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LUMS Commemorates Saadat Hasan Manto at Conference
The Gurmani Centre for Languages and Literature of the Department of Humanities and Social Sciences at LUMS organised a conference on the “Naya Urdu Afsana” on April 7, 2012, to commemorate the centennial of the iconic writer Saadat Hasan Manto. Twenty two speakers participated. It was a very well organised and well attended event.
The daylong conference began with the welcome address by the Vice Chancellor of LUMS, Professor Adil Najam and introduction by Yasmeen Hameed, Coordinator of the Gurmani Centre. This opening session was chaired by Intezar Husain, who brought into focus the different problems associated with afsana, as a term and as a concept. Dr. Shamim Hanfi from Delhi delivered an eloquent keynote address in which he spoke about the different receptions and interpretations of Manto’s writings and also commented on afsana in general by saying that its purpose is not to report on the social and political circumstances of the time but rather to shed light on human emotions. Bano Qudsia spoke about new trends in the Urdu short story—she said that creativity, however radical, is grounded in a pre-existing tradition.
The second session “Urdu Afsane Ke Na’e Rujhanat” or “New Trends in the Urdu Short Story” was intellectually charged, with writers and critics discussing the new trends in the Urdu short story in the light of the modern and post-modern literary theories, symbolism and mystic thought. The participants were Asad Muhammad Khan, Masood Ashar, Atiya Syed, Asif Farrukhi and Najeeba Arif. Moderated by Hameed Shahid, this discussion covered sufi elements in Urdu literature, discourses on modernity, contemporary critical debates, contemporary afsana and history of Urdu afsana.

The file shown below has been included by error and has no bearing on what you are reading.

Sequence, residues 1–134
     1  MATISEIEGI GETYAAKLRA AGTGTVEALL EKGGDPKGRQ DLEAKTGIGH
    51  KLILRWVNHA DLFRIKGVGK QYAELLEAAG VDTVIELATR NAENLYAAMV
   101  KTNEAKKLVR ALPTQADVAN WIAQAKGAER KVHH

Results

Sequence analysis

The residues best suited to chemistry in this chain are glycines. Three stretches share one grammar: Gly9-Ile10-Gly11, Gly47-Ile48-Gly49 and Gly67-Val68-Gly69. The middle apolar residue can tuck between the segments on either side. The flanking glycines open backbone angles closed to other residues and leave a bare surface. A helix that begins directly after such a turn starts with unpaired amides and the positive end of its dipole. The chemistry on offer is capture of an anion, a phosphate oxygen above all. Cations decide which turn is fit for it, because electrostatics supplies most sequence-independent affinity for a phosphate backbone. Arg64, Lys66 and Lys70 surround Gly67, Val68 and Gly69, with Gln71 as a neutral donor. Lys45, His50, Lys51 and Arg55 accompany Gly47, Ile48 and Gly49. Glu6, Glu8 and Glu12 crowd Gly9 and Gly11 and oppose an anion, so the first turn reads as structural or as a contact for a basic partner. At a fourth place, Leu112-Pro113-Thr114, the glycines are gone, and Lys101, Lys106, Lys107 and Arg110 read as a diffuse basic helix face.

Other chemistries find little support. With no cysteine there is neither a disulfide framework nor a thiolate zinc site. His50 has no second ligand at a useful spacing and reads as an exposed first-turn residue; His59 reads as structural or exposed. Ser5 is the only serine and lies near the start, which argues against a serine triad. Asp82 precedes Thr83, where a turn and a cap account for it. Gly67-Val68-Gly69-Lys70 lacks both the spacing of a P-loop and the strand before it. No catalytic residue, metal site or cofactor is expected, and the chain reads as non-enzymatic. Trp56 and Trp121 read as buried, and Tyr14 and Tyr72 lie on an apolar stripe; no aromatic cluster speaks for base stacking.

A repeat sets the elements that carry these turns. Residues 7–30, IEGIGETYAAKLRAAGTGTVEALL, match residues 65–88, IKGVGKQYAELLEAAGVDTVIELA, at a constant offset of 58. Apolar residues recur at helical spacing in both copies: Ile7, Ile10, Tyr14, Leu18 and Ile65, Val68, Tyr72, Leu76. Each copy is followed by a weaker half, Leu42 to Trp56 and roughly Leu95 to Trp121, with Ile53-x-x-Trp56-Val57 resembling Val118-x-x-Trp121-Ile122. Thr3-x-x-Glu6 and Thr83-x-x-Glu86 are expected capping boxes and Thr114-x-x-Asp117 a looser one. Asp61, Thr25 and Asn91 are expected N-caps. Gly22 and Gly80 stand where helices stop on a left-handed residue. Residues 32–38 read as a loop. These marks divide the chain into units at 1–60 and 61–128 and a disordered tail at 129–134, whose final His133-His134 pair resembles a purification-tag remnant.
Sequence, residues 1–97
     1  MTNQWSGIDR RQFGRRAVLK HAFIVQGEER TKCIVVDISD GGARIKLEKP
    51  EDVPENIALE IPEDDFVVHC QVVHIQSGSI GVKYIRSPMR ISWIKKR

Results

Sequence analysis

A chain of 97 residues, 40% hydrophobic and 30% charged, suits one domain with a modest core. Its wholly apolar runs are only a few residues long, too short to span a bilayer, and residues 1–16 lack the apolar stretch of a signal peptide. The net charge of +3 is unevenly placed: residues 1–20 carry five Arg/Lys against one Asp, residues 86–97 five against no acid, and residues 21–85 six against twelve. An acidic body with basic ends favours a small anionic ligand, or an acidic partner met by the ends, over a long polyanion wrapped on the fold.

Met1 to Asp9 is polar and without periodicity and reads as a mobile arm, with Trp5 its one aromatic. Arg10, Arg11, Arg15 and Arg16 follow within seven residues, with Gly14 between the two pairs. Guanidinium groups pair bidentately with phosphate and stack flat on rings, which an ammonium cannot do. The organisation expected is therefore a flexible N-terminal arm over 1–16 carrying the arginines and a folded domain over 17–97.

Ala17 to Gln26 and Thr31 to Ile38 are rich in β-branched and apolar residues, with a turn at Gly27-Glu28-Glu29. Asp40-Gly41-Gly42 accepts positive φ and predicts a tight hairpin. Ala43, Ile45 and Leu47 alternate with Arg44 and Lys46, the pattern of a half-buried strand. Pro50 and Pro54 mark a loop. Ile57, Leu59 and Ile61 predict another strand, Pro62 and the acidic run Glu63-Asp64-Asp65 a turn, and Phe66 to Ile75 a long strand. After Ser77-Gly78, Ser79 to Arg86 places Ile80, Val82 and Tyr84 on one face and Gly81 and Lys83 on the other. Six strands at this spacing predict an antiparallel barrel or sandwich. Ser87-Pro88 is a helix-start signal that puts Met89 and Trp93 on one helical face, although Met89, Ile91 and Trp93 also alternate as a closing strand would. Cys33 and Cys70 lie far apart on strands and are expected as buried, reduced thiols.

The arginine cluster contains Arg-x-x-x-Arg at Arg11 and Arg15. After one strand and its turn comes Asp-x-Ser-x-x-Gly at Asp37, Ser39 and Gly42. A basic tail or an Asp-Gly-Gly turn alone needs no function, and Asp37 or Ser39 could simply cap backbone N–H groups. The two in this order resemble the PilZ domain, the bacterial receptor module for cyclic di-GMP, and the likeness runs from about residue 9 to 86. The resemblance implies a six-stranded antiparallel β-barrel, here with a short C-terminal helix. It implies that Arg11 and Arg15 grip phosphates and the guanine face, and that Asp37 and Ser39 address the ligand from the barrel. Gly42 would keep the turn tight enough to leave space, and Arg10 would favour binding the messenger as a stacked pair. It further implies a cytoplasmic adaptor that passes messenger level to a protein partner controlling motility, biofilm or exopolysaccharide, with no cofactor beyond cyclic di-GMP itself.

The third session was in English on “Manto and the 1947 Divide”. Speakers were Ayesha Jalal, Syed Noman-ul-Haq and Farrukh Khan, and Bilal Tanweer moderated the session. Manto, according to Professor Jalal, exposed social ills and left a rich archive that can be attributed to his expertise. Manto deeply felt the effects of Partition, which led to religious extremism and communal violence. The last session was a critique of the writings of individual short story writers in which the fiction of writers like Khalida Husain, Naiyar Masud, Asad Muhammad Khan, Shams-ur-Rahman Faruqi, Hasan Manzar and Mansha Yad was critically evaluated. Speakers were Rasheed Amjad, Mirza Athar Baig, Anwaar Ahmed, Hameed Shahid and Mubeen Mirza. Zia-ul-Hasan moderated the session. The conference ended with the viewing of a play “Manto, Adab ki Adalat Mein”. It was also announced that essays read in the conference would soon be published in book form.